Proven Ways to Improve Both You and Your Child’s Reading Skills

shutterstock_114642343Reading isn’t everyone’s cup of tea. However, by combining regular reading practice with some proven strategies, you and your children’s reading can be easily improved.

Did you know?

  • Children who read more often score better in test results.
  • Reading for pleasure is more important than how educated you are as a parent.

How to improve reading in children

It is quite common for children to experience difficulty in reading. Approximately 20 – 30% of children at school have reading difficulties, and this figure is consistent for both boys and girls.

Sadly, many children do not have access to books at all. One significant consequence of this – other than not being able to read – is the proven decrease in motivation and self-esteem, which can have long-term and even life-long consequences. It is critical to help children as early as possible by recognising a child’s difficulty with reading and pronunciation, and to assist with improving these skills. A side benefit of the work you do with your child to improve their reading skills is that your reading skills are likely to be stronger than before you started.

Children need to learn about reading and establish good reading habits before they go to school, so it’s critical that reading is a deliberate and fun focus in the home

Here are some ways to ensure that this happens:

  • Turn off the television and video games, and have a reading time each day outside of homework time. Reading should not be considered a chore by children but rather as a fun activity.
  • Have an abundance of books around the house, such as in the living room and their bedroom. By doing this you will encourage their impulse reading, because the books are in their natural environment.
  • Provide support to your child if you know they are having difficulty reading. One way is to have your child read out loud to you so you can help them with the words they find difficult.
  • Children tend to mimic their parents in a myriad of ways. If you read, your children are more likely to read as well.
  • Set family time for reading, such as stories at bedtime. This will not only improve your child’s reading skills, but will also give you and your kids some quality family time together.
  • Have a range of different types of reading materials and subject matters available to your kids. For example, your library could range from picture books to magazines to mystery novels. This way if your child has an interest in something new you are more likely to have a relevant book or magazine for them to explore.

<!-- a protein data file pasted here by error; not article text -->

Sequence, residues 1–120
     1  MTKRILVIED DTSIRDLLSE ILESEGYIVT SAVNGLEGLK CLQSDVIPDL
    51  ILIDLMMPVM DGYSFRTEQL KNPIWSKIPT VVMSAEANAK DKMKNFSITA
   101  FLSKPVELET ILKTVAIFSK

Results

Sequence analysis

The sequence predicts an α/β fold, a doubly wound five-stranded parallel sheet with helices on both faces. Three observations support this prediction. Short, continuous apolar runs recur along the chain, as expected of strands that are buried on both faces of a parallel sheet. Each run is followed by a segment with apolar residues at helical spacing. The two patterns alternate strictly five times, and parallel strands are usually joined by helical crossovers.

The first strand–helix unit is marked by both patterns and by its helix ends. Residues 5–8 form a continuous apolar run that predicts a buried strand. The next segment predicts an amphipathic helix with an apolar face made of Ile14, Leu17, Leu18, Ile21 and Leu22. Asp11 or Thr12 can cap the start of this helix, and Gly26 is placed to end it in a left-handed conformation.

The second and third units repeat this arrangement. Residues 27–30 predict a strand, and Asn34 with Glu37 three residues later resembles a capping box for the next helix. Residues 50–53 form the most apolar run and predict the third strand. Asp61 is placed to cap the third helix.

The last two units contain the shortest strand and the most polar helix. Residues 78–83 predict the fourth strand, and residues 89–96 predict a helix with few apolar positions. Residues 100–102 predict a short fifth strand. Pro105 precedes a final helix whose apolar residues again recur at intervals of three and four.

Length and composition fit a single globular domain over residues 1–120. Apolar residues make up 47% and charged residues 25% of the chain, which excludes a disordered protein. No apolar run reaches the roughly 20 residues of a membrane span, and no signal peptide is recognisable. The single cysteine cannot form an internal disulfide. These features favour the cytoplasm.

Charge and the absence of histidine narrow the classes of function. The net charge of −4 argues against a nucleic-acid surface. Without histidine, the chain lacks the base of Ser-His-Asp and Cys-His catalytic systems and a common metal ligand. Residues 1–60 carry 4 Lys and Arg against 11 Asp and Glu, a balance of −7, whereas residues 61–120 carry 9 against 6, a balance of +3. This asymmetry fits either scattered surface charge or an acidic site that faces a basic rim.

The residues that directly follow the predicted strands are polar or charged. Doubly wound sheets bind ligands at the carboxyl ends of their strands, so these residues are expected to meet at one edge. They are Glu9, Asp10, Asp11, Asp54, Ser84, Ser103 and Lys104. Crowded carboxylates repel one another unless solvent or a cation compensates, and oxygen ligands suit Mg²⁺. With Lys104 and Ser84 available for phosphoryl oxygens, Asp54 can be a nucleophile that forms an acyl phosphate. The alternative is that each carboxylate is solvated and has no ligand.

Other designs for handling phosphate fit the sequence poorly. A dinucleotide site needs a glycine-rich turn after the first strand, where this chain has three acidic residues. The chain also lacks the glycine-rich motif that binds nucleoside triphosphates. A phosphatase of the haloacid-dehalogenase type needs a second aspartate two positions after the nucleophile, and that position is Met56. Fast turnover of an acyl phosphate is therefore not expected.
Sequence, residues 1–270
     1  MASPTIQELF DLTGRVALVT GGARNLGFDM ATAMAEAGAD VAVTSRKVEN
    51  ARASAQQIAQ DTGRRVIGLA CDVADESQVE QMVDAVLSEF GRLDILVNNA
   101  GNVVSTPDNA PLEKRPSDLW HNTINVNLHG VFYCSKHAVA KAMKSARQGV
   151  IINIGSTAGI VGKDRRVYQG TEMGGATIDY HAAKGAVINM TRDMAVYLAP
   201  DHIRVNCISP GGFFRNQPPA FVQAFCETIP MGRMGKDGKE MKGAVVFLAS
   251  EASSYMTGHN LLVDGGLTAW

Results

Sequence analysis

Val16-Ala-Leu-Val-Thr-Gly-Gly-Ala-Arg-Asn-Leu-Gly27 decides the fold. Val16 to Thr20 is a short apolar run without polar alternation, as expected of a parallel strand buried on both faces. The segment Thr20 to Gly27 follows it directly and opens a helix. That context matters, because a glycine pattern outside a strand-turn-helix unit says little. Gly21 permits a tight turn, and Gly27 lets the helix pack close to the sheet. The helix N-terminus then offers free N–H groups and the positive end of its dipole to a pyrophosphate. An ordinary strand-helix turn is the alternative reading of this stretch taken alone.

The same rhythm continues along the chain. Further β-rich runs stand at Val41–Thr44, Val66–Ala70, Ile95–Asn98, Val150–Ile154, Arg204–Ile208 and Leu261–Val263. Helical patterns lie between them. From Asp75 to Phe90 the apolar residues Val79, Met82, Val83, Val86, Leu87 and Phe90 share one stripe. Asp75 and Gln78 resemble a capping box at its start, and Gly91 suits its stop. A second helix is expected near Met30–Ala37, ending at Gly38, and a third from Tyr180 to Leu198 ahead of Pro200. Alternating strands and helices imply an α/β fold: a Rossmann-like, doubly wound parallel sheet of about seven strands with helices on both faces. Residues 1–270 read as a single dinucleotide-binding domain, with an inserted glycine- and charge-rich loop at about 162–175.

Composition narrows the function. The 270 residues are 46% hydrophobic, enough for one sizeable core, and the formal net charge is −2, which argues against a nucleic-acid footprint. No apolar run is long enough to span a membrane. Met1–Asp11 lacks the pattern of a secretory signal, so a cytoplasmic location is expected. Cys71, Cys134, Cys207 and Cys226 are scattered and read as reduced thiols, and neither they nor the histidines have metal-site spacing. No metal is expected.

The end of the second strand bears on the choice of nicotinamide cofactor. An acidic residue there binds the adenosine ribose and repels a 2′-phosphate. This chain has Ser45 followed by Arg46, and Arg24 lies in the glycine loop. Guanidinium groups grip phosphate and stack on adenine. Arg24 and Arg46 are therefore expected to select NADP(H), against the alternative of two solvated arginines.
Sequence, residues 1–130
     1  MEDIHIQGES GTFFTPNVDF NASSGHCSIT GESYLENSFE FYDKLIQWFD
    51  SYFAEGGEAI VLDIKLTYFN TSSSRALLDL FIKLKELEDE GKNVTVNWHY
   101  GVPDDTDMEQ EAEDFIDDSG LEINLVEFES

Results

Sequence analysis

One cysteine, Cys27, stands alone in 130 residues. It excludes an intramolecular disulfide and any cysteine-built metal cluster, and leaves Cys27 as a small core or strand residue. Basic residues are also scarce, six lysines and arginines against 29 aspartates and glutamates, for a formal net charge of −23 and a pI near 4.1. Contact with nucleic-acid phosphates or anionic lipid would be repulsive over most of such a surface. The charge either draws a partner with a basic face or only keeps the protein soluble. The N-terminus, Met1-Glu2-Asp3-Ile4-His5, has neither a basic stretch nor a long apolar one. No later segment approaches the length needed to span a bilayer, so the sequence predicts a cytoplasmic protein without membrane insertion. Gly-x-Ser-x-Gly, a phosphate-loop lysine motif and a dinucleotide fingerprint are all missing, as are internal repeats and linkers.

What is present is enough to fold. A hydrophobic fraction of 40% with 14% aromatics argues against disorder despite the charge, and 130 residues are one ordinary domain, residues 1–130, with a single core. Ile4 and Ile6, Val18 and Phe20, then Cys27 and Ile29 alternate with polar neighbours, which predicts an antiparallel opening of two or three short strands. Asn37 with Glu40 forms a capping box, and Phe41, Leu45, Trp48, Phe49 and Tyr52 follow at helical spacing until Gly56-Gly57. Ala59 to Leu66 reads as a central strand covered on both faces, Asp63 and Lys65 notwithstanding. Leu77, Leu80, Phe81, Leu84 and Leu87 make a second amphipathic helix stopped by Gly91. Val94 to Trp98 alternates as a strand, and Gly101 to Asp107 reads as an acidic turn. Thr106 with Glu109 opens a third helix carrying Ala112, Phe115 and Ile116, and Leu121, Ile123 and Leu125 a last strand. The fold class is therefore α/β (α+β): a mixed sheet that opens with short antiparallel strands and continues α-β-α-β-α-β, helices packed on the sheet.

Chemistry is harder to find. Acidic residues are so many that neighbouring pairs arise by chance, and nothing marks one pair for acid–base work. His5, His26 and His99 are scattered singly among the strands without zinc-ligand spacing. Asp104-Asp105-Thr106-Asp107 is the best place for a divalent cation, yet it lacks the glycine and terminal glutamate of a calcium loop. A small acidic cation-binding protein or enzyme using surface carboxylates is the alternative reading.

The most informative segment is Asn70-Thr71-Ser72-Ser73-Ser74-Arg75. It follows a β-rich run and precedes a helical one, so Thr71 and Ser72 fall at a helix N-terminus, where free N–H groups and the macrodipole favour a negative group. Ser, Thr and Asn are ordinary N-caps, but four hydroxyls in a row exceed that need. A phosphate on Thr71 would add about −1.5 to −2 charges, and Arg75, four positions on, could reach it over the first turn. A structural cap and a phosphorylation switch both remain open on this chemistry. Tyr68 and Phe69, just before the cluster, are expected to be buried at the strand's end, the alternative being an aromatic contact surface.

• Take your kids to the library and to children’s book launches at your local bookstore or writers festival.

How to improve reading in adults

A small number of adults are speed readers and have photographic memories, which makes reading for them a breeze. But the majority of adults don’t find reading this easy, and so tend to be unenthusiastic readers.

However, whether it’s for study, business, to relax, to learn or for pleasure, there are proven ways to improve adult reading abilities.

There are some known techniques to help you improve your reading skills when you already have a basic reading ability, which is different to children. The aim is to be more selective in what you read, and reduce any wasted reading time.

Start by picking out some newspapers, magazines or books that you think you might enjoy, and follow these tips.

  • Set a goal that you want to achieve in a timeframe. It could be as little as reading a chapter of a book a week or finishing a magazine article each day.
  • If you are finding a piece of text particularly difficult, see if you can find any pictures that may be helpful for you to understand what is written. After all, a picture tells a thousand words.
  • Make sure you read the headlines, subheadings and text in detail, and that you don’t skim read. When you’re first trying to improve your reading skills it’s important that you comprehend what you’re reading.
  • Sound out words you have difficulty with. If it helps, listen to audiobooks while you are reading to help you improve your reading skills.
  • Re-read the text if you feel that reading it through once was not enough to allow you to take in all of the details.
  • A great way to engage with the text is to write questions as you read. Then when the question is answered you’ll understand more of the text as a whole, which is encouraging.

Learning to speed read

The speed at which you read is not as important as your skills in reading. However when you are accomplished as a reader, then you may wish to try and improve your reading speed.

The natural habit of a person when reading is to focus on one word at a time. In speed reading, you want to train your eye to focus on groups of 4-5 words in a line at a time.

Here’s how:

  • Try to read each line in three groups. For example, a sentence would be broken up like this

The quick brown fox jumped – over the lazy dog contains – every letter in the alphabet

  • As you get faster at this, begin trying to break the sentence into two groups instead of three. For example,

The quick brown fox jumped over the lazy – dog contains every letter in the alphabet

  • Hold your book a little further away than usual to help you see the lines better. This way your eye can follow the text uninterrupted, instead of constantly having to readjust the book/magazine.
  • Don’t review what you have read. It can be a habit to check what you’ve just read, and this can be difficult to break. Hold a piece of paper over what you have already read if this helps you stop re-reading text.